This week on AWW YA, Kate and Darran talk through their thoughts on all ten books from the 2016 YA Book Prize shortlist, and the winner, One by Sarah Crossan. That means it’s a bit of a bumper episode but we hope you find it enjoyable. Continue reading “YA Podcast: The YA Book Prize 2016”
As well as taking the time to chat to us about Railhead and his other work, Philip Reeve has written this fascinating blog post about the Spindlebridge, which forms a key part of the story of his new book. As a science fiction fan from a young age, I found Railhead a wonderful adventure and a very interesting take on space travel, and this article gives a bit more insight, without any spoilers, into the world of Railhead and the amazing way in which the characters travel.
This week, we’re very pleased to welcome Philip Reeve to the podcast, talking about his new book Railhead, published by Oxford University Press Children’s Books, and more…!
Continue reading “Podcast: Philip Reeve on Railhead, and more”
I always think it’s fascinating to get an insight ‘behind the scenes’ into the process which brings a book from a concept to the finished article, ready to be read and enjoyed. House of Windows is Alexia Casale’s second young adult novel, published by Faber, who also published her highly-acclaimed debut The Bone Dragon, and, as I mentioned on the podcast, is the story of Nick, who heads to university at the age of 15. That university is Cambridge and soon he is selected to cox for the college rowing crew, and things take an interesting turn.
Not only was my interest grabbed by those plot points, but Alexia has kindly written a brilliant article which introduces the way in which House of Windows has been shaped by herself as the author but also by the editorial team at Faber, and what that process has been like. It’s illuminating reading for anyone, but especially for any budding writers out there. Continue reading “House of Windows guest post, from Alexia Casale”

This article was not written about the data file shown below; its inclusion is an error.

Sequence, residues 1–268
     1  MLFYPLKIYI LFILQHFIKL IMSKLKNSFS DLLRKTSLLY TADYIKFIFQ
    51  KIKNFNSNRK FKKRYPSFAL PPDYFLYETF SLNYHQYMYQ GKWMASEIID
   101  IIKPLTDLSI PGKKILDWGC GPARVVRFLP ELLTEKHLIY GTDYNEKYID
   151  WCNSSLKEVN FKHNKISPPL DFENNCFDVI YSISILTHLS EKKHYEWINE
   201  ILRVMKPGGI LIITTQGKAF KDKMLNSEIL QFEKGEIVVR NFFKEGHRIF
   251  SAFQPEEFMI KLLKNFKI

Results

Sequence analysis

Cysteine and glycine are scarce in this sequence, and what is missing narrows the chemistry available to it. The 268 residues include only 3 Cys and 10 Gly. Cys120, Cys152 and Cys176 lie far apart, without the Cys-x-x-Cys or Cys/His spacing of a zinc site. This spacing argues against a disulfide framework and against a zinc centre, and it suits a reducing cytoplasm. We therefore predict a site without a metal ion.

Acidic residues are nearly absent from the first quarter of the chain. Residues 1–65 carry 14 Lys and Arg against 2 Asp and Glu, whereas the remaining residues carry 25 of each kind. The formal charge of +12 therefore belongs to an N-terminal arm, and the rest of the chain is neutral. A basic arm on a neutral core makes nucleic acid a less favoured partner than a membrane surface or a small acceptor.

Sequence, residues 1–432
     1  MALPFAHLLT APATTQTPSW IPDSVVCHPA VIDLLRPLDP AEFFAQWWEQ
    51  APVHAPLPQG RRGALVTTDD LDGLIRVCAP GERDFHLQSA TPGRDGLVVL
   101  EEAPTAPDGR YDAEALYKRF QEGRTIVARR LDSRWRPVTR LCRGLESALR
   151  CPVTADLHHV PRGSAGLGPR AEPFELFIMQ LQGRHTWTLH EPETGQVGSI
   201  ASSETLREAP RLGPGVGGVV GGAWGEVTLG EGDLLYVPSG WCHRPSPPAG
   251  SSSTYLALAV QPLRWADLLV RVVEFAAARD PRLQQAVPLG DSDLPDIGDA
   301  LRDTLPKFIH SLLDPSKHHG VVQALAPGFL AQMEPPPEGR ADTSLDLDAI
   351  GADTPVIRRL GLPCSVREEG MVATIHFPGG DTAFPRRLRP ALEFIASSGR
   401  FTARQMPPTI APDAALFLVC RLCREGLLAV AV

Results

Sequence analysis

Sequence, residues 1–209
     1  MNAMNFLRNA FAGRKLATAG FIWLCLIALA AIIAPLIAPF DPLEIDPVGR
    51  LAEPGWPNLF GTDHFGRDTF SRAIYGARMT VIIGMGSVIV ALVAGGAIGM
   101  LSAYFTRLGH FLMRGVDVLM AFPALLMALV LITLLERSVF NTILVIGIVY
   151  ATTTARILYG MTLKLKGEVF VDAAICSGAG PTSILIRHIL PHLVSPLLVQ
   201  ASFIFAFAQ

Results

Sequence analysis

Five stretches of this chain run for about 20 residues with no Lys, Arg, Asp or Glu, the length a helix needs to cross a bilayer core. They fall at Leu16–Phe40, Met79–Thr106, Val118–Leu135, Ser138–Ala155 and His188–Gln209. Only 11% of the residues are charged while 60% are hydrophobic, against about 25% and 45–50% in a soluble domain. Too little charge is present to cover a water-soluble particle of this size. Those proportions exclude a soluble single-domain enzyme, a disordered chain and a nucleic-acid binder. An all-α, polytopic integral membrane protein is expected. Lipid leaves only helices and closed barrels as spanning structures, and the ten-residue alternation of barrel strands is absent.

When six-year-old Laurel Logan was abducted, the only witness was her younger sister. Faith’s childhood was dominated by Laurel’s disappearance – from her parents’ broken marriage and the constant media attention to dealing with so-called friends who only ever wanted to talk about her sister.
Thirteen years later, a young woman is found in the garden of the Logans’ old house, disorientated and clutching the teddy bear Laurel was last seen with. Laurel is home at last, safe and sound. Faith always dreamed of getting her sister back, without ever truly believing it would happen. But a disturbing series of events leaves Faith increasingly isolated and paranoid, and before long she begins to wonder if everything that’s lost can be found again…
From the author of Trouble comes a new novel about boys, bands and best mates.
Kaz is still reeling from being dumped by the love of her life… Ruby is bored of hearing about it. Time to change the record.
Three days. Two best mates. One music festival. Zero chance of everything working out. Continue reading “Review: Remix by Non Pratt”
In May’s YA Edition podcast, Kate mentions the YA titles from the Pan Macmillan/MyKindaBook Vlogger Evening Pub(lishing) Quiz, and then gives the lowdown on Hot Key Books’ hot titles coming up in the second half of 2015, which she heard about at the recent bloggers’ brunch. Continue reading “Podcast: Hot Key Hot Titles 2015”
Lara’s life is far from perfect, but being an upbeat kind of person she saves her venting for her diary. It’s the only place she can let out her true feelings about the family dramas and hideous bullying she has to face every day.
And then a shining light comes out of the darkness – the new, young and MALE teacher, Mr Jagger. The one person who takes Lara seriously and notices her potential. The one person who is kind to her. The one person who she falls madly and hopelessly in love with.